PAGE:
A: Yes. As you mentioned in your article, cloaking is an industry-wide threat (Facebook addressed it recently in their blog post and also in this article) and we have dozens of people on our compliance team that are evaluating and categorizing the content running on Taboola. As you are very well aware, one challenge we have that there is a delicate balance that we and other technology companies face: on the one hand, we want to share our best practices of how to combat these bad actors who are using cloaking, phishing, and other methods. However, we’re also concerned about sharing too much, so as not to fuel these bad actors with additional knowledge on how to circumvent our protections. We do share a public policy that makes it clear what we allow, and do not allow, as well as we participate in many panels and are members of the NAI, who are members of the Coalition of Better Ads and there are many initiatives we work on with other companies, but we cannot share the details for the reasons mentioned previously. While we work with tens of thousands of companies, these incidents are a very rare occurrence and we do a good job protecting our publishers and advertiser partners and their audiences. When there is an incident, what is important is how fast you take care of it. For that, you need to be open to anyone that can help you find out about a bad actor, such as bloggers, users on social, reporters, our partners and of course our own internal staff.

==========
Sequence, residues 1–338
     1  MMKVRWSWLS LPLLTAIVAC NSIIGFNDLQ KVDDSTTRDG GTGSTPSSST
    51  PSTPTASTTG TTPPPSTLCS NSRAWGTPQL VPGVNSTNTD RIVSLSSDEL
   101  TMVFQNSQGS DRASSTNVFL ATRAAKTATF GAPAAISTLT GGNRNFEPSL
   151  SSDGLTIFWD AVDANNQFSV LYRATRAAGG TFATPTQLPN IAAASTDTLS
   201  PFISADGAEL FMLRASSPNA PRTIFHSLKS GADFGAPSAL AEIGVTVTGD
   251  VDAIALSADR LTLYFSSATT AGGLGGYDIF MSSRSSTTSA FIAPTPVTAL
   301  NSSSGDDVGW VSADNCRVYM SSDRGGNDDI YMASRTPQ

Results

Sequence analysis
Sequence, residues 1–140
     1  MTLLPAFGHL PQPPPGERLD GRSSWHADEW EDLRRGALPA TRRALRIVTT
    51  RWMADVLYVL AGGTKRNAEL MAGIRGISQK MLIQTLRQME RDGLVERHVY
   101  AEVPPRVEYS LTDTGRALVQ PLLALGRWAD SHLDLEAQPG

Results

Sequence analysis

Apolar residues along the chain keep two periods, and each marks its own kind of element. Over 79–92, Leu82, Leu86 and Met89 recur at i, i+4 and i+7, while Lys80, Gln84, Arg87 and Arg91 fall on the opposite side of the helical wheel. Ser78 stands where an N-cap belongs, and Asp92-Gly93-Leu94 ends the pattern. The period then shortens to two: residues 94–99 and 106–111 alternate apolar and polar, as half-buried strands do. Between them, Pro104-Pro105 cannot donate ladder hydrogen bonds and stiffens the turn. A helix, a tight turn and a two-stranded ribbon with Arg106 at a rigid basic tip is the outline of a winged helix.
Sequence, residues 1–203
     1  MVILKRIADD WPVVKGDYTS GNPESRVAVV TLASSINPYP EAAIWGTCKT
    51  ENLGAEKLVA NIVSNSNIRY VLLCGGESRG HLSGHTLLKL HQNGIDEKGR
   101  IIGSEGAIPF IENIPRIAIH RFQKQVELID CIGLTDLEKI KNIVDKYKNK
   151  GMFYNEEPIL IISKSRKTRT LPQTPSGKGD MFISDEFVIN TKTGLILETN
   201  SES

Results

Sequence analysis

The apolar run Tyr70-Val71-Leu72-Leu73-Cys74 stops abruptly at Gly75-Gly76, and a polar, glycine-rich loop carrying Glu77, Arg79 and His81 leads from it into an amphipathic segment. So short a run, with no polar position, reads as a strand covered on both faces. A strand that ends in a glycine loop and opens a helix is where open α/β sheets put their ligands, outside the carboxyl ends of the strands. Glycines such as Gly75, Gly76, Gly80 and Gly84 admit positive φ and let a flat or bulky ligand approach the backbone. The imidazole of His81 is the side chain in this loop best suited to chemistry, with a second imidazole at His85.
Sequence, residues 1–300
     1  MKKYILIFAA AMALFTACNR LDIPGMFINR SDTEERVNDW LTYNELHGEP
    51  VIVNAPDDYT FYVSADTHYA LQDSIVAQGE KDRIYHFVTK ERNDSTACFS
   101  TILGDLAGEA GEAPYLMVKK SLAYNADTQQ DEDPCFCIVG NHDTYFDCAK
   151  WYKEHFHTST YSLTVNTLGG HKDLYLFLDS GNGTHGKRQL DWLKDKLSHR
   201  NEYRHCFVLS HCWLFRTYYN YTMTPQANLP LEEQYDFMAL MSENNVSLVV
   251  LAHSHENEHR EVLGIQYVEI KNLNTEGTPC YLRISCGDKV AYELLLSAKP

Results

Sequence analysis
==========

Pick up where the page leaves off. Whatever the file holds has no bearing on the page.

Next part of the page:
Q: While reporting the issue, we first received a response that stated: “While we can’t fulfill every single request (after all, we are serving over 400M users every month), we promise to do our absolute best!” Is there a way for security firms and consumers to report security related issues that will get prioritized?

A: That response you quoted above sent via a contact-us form was not an appropriate answer to your email, and we apologize for that. Our Support team works 24/7 across the globe and they always prioritise security related threats and escalate them when required. It’s best to contact support@taboola.com and our team will make sure the relevant teams are addressing the issue promptly.